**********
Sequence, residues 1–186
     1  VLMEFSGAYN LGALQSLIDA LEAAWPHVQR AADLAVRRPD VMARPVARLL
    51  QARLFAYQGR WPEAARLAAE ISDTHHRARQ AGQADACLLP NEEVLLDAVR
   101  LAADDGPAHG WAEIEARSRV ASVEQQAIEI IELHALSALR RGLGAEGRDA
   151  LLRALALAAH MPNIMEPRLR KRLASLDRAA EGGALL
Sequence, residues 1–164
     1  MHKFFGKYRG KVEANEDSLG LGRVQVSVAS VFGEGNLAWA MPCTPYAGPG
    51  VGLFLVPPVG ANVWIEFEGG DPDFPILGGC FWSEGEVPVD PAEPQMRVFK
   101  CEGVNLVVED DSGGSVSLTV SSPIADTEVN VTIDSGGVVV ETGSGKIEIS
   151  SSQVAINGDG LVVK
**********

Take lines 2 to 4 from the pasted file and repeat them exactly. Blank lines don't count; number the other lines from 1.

     1  VLMEFSGAYN LGALQSLIDA LEAAWPHVQR AADLAVRRPD VMARPVARLL
    51  QARLFAYQGR WPEAARLAAE ISDTHHRARQ AGQADACLLP NEEVLLDAVR
   101  LAADDGPAHG WAEIEARSRV ASVEQQAIEI IELHALSALR RGLGAEGRDA